~ In Auckland, New Zealand, the Opera Hinemoa opens, with Merekotia Amohau from Rotorua playing Tupa in the Maori opera production.
By the wonder of the internet, you can still hear her at:
BORN TODAY: in Hawkes Bay, New Zealand – RNZAF pilot Tame Hawaikirangi Thomas Waerea, who died in Europe in 1943, aged 28, and was buried in the Hanover War Cemetery, Niedersachsen, Germany, a long way from home, but is remembered at the Auckland Museum online cenotaph.
War at Sea: the British steamer “Iberian” is shelled, torpedoed and sunk off the coast of Ireland by the German submarine U28. The U-boat’s skipper, Georg-Günther Freiherr (Baron) von Forstner, and five of his crewmen see a sea-monster, “a gigantic sea-animal, writhing and struggling wildly… [which shoots] out of the water to a height of 60 to 100 feet.”
All six of the sub-mariners then forget to report this strange incident until 18 years have elapsed, in 1933.
BORN TODAY: in Brighton, England – Rachel Amos (later Bromwich), “Celtic scholar celebrated for her masterly dictionary of Welsh and British legend” [The Independent].
Western Front: At one of the narrowest sections of no-man’s land, at Hooge in Belgium, German soldiers surprise British defenders with six of their new Flammenwerfer (flamethrowers) to capture the Hooge crater. [Burg & Purcell: Almanac of World War 1].
Australia: WIth a growing sense of unity among the Australian states, the nation holds its first “National Day”.
In Gosford, New South Wales, Miss McCabe appears as “Britannia”, holding a trident. transported in a Chrome Yellow Renault garlanded with flowers. [Flickr].
While in New Zealand, farmer and diarist George Adkin “levelled heaps in [his] Cow p[addock] all day”.
BORN TODAY: in the Pavlovsk Palace, the 18th-century Russian Imperial residence built by Paul I in Saint Petersburg – Princess Catherine Ivanovna of Russia, great-great-granddaughter of Tsar Nicolas I and niece of King Alexander I of Yugoslavia: the last member of the Russian Imperial Family to be born before the fall of the dynasty, and ultimately the last surviving uncontested dynast of the Imperial House of Russia. She died in Montevideo, Uruguay, in 2007, aged 92.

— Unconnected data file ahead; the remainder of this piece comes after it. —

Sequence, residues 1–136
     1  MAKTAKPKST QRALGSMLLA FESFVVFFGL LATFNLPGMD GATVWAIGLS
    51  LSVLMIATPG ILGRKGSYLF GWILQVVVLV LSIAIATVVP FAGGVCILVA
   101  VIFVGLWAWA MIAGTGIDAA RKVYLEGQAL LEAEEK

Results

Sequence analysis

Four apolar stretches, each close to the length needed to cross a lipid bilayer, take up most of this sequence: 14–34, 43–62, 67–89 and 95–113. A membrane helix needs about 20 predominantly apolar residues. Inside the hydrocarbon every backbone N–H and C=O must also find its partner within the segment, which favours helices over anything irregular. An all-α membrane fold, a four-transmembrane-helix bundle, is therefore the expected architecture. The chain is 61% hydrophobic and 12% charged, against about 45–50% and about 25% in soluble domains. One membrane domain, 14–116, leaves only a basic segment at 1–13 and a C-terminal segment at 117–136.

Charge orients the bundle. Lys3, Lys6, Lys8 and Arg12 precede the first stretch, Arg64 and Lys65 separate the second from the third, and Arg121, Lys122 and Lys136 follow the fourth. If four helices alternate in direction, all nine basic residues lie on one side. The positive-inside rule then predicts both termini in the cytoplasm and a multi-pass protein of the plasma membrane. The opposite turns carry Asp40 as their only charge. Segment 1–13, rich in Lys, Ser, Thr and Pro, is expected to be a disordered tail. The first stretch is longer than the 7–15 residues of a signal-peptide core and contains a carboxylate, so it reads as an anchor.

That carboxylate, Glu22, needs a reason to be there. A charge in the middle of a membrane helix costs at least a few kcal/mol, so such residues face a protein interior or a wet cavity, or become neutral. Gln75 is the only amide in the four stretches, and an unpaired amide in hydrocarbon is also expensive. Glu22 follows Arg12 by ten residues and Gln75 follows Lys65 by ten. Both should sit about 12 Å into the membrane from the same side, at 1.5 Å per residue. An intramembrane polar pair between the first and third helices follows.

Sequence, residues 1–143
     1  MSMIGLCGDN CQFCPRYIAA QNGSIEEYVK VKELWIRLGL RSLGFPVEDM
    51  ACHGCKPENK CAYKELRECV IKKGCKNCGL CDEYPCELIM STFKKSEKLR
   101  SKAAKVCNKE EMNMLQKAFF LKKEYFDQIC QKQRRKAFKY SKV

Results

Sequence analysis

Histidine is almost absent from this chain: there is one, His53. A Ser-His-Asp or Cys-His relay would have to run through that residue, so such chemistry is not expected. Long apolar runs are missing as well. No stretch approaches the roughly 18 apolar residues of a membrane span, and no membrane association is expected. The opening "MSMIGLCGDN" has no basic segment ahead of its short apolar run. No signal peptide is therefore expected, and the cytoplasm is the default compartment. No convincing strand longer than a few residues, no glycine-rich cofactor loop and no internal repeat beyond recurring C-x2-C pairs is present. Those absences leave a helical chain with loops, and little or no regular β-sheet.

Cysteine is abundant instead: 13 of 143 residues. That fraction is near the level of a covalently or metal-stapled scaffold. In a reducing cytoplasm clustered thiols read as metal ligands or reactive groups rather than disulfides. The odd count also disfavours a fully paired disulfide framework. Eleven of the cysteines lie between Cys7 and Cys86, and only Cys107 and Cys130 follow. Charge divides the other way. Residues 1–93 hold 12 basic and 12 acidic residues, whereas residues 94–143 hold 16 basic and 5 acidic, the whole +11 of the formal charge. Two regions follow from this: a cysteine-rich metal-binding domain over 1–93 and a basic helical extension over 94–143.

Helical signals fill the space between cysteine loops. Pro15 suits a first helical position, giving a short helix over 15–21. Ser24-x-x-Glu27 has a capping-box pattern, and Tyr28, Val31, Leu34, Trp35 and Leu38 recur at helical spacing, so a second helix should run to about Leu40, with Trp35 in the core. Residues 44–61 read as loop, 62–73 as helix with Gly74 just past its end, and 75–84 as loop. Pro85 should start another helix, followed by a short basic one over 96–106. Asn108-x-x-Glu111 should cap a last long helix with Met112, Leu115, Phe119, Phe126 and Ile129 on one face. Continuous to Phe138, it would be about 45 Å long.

Gallipoli: Allied forces make a final attempt to take the hill of Achi Baba which overlooks the places where many allied soldiers have been pinned for weeks.
“As was the norm with operations from Helles casualties were inordinately high. The Allies incurred 4,000 casualties and the Turkish force rather more, 10,000. For all that the Turkish force suffered twice as heavily the encounter nevertheless ended with possession of Achi Baba remaining in Turkish hands.”
War at Sea: Off England’s east coast, the German submarine SM-UB6 has a productive day destroying four English fishing boats.
History, not fresh, but preserved and recycled: On the Western Front, Ulstermen from Northerl Ireland and the Orangemen diaspora celebrate the Battle of the Boyne (1690)…
“We (the Canadians) all gathered together with a good many Ulstermen to celebrate the Battle of the Boyne. The procession started from “Shrapnel Square” and was headed by an old scout mounted on a white horse with its mane and tail plaited with Orange and Purple ribbon. Next came the fife and drums well decorated with Orange Lilies and “No Surrender” was painted on the flag we carried“.